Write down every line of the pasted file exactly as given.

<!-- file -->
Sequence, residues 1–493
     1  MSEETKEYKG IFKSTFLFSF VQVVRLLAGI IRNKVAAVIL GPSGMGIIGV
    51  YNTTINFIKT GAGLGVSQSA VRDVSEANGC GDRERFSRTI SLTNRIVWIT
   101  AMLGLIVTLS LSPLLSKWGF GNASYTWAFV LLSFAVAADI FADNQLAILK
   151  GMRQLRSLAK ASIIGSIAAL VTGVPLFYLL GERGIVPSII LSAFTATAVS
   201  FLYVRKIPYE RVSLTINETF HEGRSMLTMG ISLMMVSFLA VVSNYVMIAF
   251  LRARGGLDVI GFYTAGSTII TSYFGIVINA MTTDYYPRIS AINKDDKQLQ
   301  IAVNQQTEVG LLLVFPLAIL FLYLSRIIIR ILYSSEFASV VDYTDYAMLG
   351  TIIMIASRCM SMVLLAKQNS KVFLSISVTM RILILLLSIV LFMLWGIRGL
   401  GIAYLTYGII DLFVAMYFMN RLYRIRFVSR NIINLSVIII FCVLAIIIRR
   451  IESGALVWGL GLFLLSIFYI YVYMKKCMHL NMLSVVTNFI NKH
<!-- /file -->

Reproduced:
Sequence, residues 1–493
     1  MSEETKEYKG IFKSTFLFSF VQVVRLLAGI IRNKVAAVIL GPSGMGIIGV
    51  YNTTINFIKT GAGLGVSQSA VRDVSEANGC GDRERFSRTI SLTNRIVWIT
   101  AMLGLIVTLS LSPLLSKWGF GNASYTWAFV LLSFAVAADI FADNQLAILK
   151  GMRQLRSLAK ASIIGSIAAL VTGVPLFYLL GERGIVPSII LSAFTATAVS
   201  FLYVRKIPYE RVSLTINETF HEGRSMLTMG ISLMMVSFLA VVSNYVMIAF
   251  LRARGGLDVI GFYTAGSTII TSYFGIVINA MTTDYYPRIS AINKDDKQLQ
   301  IAVNQQTEVG LLLVFPLAIL FLYLSRIIIR ILYSSEFASV VDYTDYAMLG
   351  TIIMIASRCM SMVLLAKQNS KVFLSISVTM RILILLLSIV LFMLWGIRGL
   401  GIAYLTYGII DLFVAMYFMN RLYRIRFVSR NIINLSVIII FCVLAIIIRR
   451  IESGALVWGL GLFLLSIFYI YVYMKKCMHL NMLSVVTNFI NKH